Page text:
# Research on Shear Behavior and Crack Evolution of Symmetrical Discontinuous Rock Joints Based on FEM-CZM

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## Abstract

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## 1. Introduction

## 2. FEM-CZM Simulation of Rock Shear

#### 2.1. Initial Linear Elastic Traction-Displacement

#### 2.2. Linear Damage Stage of Cohesive Element

#### 2.3. Cohesive Element Inserting Process

## 3. Model Establishment

#### 3.1. Parameters Determination

#### 3.2. Model Establishment

## 4. Simulation Results and Analysis

#### 4.1. Influence of Joint Distribution on Shear Resistance

#### 4.2. Effect of Joint Persistence on Shear Resistance

#### 4.3. Crack Evolution Analysis

## 5. Conclusions

- (1)
- The shearing process can be divided into four stages: elastic stage, strengthening stage, plastic stage, and residual stress stage. In the stress-strain curve, the residual stress stage of type-II has a higher slope, which shows that the type-II has more brittleness and the type-I has higher plasticity. At the same time, with the decrease of joint persistence, the specimen turns more brittle, and the joint shear is closer to the direct shear test of intact rock.
- (2)
- Under the same conditions, the specimen in the type-I is more likely to produce an unbalanced moment around the centroid of the specimen, which causes the opposite ends of the specimen to produce vertical displacements in opposite directions. Due to the strengthening effect of the rock bridge, the vertical displacement on the side away from the loading site is smaller, and as a result, the overall displacement field of the specimen is not simply center-symmetric. At the same time, the distribution of rock bridges in type-II is more dispersed, providing more reinforcement for the joints, and the specimens are subjected to lower dilatancy.
- (3)
- The crack propagation process can be divided into three stages: crack initiation stage, crack evolution stage, and final failure stage. Under the load, the joint tips are prone to stress concentration, where the cohesive elements accumulate more fracture energy and reach the damage evolution stage faster. Initial cracks always start from the joint ends. Affected by the unbalanced moment, more tensile cracks are generated in type-I, while the type-II and type-III penetrated cracks are all shear cracks, and the cracks mainly propagate along the rock bridge.

## Author Contributions

## Funding

## Conflicts of Interest

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**Figure 1.**Separation-Traction (S-T) model: (

**a**) mixed-mode cohesive traction response, and (

**b**) constitutive Model of S-T model.

**Figure 2.**Insertion process of cohesive elements: (

**a**) continuous solid elements, (

**b**) split solid elements, (

**c**) re-number nodes, and (

**d**) insert a cohesive element.

**Figure 3.**The uniaxial compression test: (

**a**) uniaxial compression experiment, and (

**b**) numerical model and failure pattern.

**Figure 5.**Numerical model of the Brazilian test: (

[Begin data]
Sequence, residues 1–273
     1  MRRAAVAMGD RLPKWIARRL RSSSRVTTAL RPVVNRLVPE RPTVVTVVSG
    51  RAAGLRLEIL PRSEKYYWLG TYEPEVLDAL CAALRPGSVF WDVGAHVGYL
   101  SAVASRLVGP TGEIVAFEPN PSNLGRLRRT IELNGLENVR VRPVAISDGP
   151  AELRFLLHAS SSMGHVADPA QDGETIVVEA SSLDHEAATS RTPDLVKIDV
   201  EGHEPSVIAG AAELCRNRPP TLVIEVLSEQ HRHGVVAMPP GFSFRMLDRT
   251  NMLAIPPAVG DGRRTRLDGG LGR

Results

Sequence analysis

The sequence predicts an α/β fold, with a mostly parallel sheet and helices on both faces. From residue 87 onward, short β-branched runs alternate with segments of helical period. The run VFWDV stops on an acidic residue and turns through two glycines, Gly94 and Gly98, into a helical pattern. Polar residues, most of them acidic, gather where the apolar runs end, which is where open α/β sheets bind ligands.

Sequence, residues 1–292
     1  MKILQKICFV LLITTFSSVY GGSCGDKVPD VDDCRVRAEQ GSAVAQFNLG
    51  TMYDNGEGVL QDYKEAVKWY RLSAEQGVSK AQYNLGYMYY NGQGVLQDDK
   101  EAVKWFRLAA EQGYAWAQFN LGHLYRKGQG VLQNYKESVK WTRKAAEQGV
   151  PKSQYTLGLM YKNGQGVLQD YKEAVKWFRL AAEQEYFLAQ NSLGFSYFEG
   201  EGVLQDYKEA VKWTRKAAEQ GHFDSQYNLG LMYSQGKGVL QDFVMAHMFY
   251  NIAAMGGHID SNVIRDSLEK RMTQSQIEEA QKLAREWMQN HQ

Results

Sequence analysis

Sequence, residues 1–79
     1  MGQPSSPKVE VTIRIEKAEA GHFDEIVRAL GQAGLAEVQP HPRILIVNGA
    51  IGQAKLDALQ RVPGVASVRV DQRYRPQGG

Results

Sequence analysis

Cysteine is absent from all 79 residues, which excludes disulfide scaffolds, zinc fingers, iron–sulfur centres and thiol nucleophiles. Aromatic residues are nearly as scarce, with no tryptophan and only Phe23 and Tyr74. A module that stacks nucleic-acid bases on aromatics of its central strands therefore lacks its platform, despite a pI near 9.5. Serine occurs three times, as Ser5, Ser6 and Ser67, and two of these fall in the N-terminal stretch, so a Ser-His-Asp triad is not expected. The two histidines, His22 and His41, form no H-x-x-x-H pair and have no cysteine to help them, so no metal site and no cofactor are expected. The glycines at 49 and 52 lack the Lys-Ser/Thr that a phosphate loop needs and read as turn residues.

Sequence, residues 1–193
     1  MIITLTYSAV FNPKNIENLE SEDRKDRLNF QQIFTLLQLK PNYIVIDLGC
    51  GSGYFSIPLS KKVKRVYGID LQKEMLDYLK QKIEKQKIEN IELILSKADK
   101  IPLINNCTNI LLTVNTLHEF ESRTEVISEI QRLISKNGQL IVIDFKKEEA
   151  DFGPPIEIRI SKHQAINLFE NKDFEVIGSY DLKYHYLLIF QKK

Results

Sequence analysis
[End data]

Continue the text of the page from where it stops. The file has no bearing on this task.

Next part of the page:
**a**) numerical simulation model, (

**b**) failure pattern, and (

**c**) experimental results.

**Figure 7.**Symmetrical calculation model used in this paper. $\sigma $: Normal stress, $\tau $: Shear stress, ${L}_{j}$: Joint length, ${L}_{r}$: Rock bridge length, $H$: Model width, $L$: Model length, ${e}_{j}$: Joint aperture.

**Figure 8.**Symmetrical three types of joint distribution: (

**a**) Type-I: both sided, (

**b**) Type-II: scattered, and (

**c**) Type-III: central.

**Figure 11.**The vertical displacement field of specimens: (

**a**) initial displacement field and (

**b**) displacement field at failure stage.

**Figure 12.**Stress-strain curve at normal stress of 1.0 MPa: (

**a**) Type-I, (

**b**) Type-II, (

**c**) Type-III, and (

**d**) peak stress.

**Figure 13.**Relationship of the peak shear strength of the specimens with joints’ persistence and normal stress.

**Figure 14.**Crack evolution process: (

**a**) crack initiation stage, (

**b**) crack evolution stage, (

**c**) final failure stage, and (

**d**) failure form of cohesive elements.

**Figure 15.**Stress concentration: (

**a**) stress concentration at joint ends, and (

**b**) accumulation of fracture energy.

Materials | Parameters | Value |
---|---|---|

Solid element | Density (kg·m^{−3}) | 2.5 × 10 ^{3} |

Young’s modulus (GPa) | 15 | |

Poisson’s ratio | 0.3 | |

Cohesive element | Initial tensile stiffness (GPa·m^{−1}) | 15 |

Initial shear stiffness (GPa·m^{−1}) | 5.28 | |

Normal traction force (MPa) | 6 | |

Tangential traction force (MPa) | 22 | |

Model-I fracture energy (N·mm^{−1}) | 6 × 10^{−2} | |

Model-II fracture energy (N·mm^{−1}) | 1.65 × 10^{−1} | |

Loading plate | Density (kg·m^{−3}) | 7.8 × 10 ^{3} |

Young’s modulus (GPa) | 2.1 × 10 ^{2} | |

Poisson’s ratio | 0.3 |

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**MDPI and ACS Style**

Wu, X.; Wang, G.; Li, G.; Han, W.; Sun, S.; Zhang, S.; Bi, W.
Research on Shear Behavior and Crack Evolution of Symmetrical Discontinuous Rock Joints Based on FEM-CZM. *Symmetry* **2020**, *12*, 1314.
https://doi.org/10.3390/sym12081314

**AMA Style**

Wu X, Wang G, Li G, Han W, Sun S, Zhang S, Bi W.
Research on Shear Behavior and Crack Evolution of Symmetrical Discontinuous Rock Joints Based on FEM-CZM. *Symmetry*. 2020; 12(8):1314.
https://doi.org/10.3390/sym12081314

**Chicago/Turabian Style**

Wu, Xianlong, Gang Wang, Genxiao Li, Wei Han, Shangqu Sun, Shubo Zhang, and Wangliang Bi.
2020. "Research on Shear Behavior and Crack Evolution of Symmetrical Discontinuous Rock Joints Based on FEM-CZM" *Symmetry* 12, no. 8: 1314.
https://doi.org/10.3390/sym12081314